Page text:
The Advent of Treats - looking after your wellbeing

The coffee cups have turned red, TV adverts are reducing us to tears and every spare bit of land has been turned into an ice rink. This can only mean one thing … it’s Christmas!! 

It may be the season of joy and jolliness for some of us, but not for all. For many it can feel as if the financial worries, family tensions, relationship problems, grief and trauma that we cope with all year combine forces to hit us in one ridiculously large bow wrapped package come December. So I’m going to talk about the ‘Advent of Treats’ and suggest some ways to improve wellbeing and look after yourself during the Christmas period.

The Advent of Treats began life last winter as a way to combine my passions for crafting, my love of Christmas and my constant desire to treat myself. The core idea is to adapt an Advent Calendar to include 25 different ways you can treat yourself – one each day in the run up to Christmas. Whether you’re at work, 50 miles from home or in a bad financial place, there should be a way you can give yourself a little ‘pick me up’. Looking after your mental health and wellbeing doesn’t have to take hours, cost a fortune or affect your responsibilities.

One in four of us are living with a mental health problem. For many people dealing with depression, anxiety and isolation, Christmas can really heighten these feelings. Last Christmas the Samaritans received around 15,000 calls to their helpline every day. 

There is a very simple and effective way to give yourself a daily treat and boost your mental health – using ‘The Five Ways to Wellbeing’ model. Developed by the New Economics Foundation (nef) from evidence gathered in the UK government’s Foresight Project on Mental Capital and Wellbeing, The Five Ways are a set of simple actions we can do in everyday life to promote wellbeing.

These actions are: Connect, Be Active, Take Notice, Keep Learning and Give:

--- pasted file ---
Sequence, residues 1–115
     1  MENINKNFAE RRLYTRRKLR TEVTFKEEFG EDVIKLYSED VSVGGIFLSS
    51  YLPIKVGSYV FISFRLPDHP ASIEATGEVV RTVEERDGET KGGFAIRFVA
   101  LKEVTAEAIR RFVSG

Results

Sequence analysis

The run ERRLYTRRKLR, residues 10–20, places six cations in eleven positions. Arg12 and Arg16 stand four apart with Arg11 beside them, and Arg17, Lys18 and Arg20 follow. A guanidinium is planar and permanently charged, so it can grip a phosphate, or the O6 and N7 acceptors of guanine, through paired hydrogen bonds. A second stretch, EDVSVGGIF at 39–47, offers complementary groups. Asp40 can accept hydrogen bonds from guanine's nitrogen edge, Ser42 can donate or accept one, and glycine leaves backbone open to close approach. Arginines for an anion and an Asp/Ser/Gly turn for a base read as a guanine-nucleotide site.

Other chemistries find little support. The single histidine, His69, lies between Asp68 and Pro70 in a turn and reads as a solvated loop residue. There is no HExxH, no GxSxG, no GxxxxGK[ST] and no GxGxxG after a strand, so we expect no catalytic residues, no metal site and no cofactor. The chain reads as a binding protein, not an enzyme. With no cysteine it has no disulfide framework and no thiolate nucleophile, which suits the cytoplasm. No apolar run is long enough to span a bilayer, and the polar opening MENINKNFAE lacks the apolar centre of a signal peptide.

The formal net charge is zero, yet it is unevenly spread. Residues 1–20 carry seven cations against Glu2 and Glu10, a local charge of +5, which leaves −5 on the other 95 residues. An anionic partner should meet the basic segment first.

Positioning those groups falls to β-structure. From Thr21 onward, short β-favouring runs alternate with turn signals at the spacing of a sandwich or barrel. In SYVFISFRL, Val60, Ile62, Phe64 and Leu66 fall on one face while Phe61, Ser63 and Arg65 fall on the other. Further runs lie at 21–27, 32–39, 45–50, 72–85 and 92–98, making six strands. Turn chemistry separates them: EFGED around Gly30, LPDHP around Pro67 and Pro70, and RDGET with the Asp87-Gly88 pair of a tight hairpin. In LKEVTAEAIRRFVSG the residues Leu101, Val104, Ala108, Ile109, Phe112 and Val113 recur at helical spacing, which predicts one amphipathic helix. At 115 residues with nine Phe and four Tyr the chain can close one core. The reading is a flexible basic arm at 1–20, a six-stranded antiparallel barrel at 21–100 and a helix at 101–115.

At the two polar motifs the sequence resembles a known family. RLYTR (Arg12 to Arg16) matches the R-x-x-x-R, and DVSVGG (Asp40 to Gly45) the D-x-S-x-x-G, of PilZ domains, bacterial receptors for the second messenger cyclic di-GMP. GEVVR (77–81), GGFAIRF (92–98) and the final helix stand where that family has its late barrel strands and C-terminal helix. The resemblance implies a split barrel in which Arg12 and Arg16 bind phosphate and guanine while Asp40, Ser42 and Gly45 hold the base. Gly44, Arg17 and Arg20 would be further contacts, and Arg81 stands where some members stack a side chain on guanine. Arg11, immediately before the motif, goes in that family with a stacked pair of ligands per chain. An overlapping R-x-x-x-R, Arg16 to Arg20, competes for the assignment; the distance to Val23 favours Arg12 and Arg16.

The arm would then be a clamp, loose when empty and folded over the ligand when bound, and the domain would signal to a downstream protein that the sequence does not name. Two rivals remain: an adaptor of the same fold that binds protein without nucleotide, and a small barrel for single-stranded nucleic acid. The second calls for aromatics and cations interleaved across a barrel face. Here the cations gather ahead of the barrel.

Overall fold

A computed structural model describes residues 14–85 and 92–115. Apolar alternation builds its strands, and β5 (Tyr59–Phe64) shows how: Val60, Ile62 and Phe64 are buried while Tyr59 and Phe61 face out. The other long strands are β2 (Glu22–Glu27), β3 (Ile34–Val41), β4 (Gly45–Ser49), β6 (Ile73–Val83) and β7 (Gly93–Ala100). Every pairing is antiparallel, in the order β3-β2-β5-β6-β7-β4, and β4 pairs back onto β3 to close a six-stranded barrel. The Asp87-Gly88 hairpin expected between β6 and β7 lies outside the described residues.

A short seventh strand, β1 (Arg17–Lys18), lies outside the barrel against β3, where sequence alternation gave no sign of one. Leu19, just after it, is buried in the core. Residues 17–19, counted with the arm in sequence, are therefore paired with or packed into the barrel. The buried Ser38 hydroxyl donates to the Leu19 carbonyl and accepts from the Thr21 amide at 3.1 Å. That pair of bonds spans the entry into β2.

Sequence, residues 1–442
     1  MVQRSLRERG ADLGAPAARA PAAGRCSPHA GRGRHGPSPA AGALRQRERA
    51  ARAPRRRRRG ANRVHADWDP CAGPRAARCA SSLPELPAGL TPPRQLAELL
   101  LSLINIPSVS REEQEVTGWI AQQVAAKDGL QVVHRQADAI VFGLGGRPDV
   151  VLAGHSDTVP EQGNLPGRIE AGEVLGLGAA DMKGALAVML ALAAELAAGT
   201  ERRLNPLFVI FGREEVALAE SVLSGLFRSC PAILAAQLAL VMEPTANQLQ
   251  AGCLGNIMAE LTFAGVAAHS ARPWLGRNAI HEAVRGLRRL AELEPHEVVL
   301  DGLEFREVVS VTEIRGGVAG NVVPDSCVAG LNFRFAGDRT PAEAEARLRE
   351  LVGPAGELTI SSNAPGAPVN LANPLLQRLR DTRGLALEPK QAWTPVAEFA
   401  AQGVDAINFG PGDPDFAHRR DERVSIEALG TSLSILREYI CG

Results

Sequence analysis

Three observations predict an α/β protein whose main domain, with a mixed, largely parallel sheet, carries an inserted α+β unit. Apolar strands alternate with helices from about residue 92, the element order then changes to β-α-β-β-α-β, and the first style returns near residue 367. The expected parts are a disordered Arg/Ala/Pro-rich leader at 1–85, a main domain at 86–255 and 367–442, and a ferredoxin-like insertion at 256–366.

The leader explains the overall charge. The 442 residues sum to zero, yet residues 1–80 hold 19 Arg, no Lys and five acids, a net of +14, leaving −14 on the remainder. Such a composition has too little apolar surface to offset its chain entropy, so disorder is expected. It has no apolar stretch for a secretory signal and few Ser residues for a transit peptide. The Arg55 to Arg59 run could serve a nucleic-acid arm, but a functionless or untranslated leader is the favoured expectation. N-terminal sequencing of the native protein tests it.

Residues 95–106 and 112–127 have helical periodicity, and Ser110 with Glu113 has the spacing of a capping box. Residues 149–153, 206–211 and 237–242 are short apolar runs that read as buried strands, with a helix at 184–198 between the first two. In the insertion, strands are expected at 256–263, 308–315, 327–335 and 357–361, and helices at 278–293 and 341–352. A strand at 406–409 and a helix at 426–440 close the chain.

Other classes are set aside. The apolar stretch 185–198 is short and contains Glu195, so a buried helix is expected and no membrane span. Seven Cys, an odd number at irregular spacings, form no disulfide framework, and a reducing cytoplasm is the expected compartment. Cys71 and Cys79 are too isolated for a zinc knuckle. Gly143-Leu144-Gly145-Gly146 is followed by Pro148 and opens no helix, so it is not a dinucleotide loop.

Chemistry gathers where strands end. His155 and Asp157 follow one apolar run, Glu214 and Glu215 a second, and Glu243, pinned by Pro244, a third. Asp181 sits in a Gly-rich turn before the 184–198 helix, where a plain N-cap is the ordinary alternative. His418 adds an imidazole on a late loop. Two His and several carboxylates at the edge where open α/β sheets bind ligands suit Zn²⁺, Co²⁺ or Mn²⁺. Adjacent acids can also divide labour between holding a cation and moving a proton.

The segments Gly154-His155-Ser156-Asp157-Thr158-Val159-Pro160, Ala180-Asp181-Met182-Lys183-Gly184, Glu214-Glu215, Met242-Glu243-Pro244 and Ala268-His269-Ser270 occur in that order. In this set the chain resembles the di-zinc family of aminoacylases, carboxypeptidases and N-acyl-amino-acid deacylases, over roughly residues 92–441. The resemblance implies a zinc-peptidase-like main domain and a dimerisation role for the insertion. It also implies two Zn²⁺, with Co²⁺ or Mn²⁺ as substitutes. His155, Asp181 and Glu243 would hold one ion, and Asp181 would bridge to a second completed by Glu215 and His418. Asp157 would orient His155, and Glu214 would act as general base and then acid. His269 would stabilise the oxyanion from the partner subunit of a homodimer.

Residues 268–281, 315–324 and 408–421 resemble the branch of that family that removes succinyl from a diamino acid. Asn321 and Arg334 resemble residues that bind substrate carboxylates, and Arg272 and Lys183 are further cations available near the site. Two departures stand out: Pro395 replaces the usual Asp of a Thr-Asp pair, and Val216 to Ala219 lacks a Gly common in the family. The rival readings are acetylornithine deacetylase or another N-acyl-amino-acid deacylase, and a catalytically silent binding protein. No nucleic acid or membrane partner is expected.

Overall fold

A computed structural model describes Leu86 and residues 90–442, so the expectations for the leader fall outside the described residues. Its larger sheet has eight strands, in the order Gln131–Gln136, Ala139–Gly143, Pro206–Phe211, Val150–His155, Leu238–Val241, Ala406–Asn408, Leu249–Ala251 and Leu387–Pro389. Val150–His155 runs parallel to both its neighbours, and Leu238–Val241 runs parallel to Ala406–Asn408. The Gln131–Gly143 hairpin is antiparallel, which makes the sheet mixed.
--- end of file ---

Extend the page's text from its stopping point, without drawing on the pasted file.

• Connect …

With the people around you. With family, friends, colleagues and neighbours. At home, work, school or in your local community. Think of these as the cornerstones of your life and invest time in developing them.

  • Be active …

Go for a walk or run. Step outside. Cycle. Play a game. Garden. Dance. Exercising makes you feel good. Most importantly, discover a physical activity you enjoy; one that suits your level of mobility and fitness.

  • Take notice …

Be curious. Catch sight of the beautiful. Remark on the unusual. Notice the changing seasons. Savour the moment, whether you are on a train, eating lunch or talking to friends. Be aware of the world around you and what you are feeling. Reflecting on your experiences will help you appreciate what matters to you.

  • Keep Learning …

Try something new. Rediscover an old interest. Sign up for that course. Take on a different responsibility at work. Fix a bike. Learn to play an instrument or how to cook your favourite food. Set a challenge you will enjoy achieving. Learning new things will make you more confident, as well as being fun to do.

  • Give …

Do something nice for a friend, or a stranger. Thank someone. Smile. Volunteer your time. Join a community group. Look out, as well as in. Seeing yourself, and your happiness, linked to the wider community can be incredibly rewarding and will create connections with the people around you.

I hope I’m able to inspire others to create their own ‘Advent of Treats’ and to think about the little things in life that help to make you feel better. To start your thinking I will list a few treat suggestions and ways to play the game.  But whether you take up the treat challenge or not, I do implore you to think about your own mental health and ways in which you can improve your wellbeing. From picking up the phone and calling an old friend, to taking a walk and enjoying the view, we can all do things everyday to make us feel better.

Suggested treats:

  • Enjoy a glass/mug of a favourite beverage you don’t have every day
  • Eat a favourite food 
  • Be active … or if you exercise every day, your treat could be a day off!
  • Hug someone 
  • Make contact with someone you haven’t spoken to for a while
  • Enjoy a really long catch up with a friend
  • Give someone an unexpected bunch of flowers
  • Make a Christmas card for someone
  • Watch a favourite tv programme
  • Listen to a favourite album
  • Find out about something new
  • Look through a memory box/photo album
  • Read for an hour
  • Visit a famous landmark

How to play:

Just think of 25 treats that work for you. Be creative, ask people for help, adapt your plans and make new discoveries. And remember that the point is to enjoy yourself, so don’t stress out in order to fit in a treat! The idea doesn’t only have to fit the Christmas Advent Calendar – it can work at any time of year. Maybe do 31 treats in January when things are dark and gloomy. Or even 365 days of the year. It’s not the packaging that’s important but taking little steps to improve your wellbeing.

Becky is project co-ordinator for The Switch, TimeBank's volunteer mentoring project to support young people making the transition from children's to adult mental health services.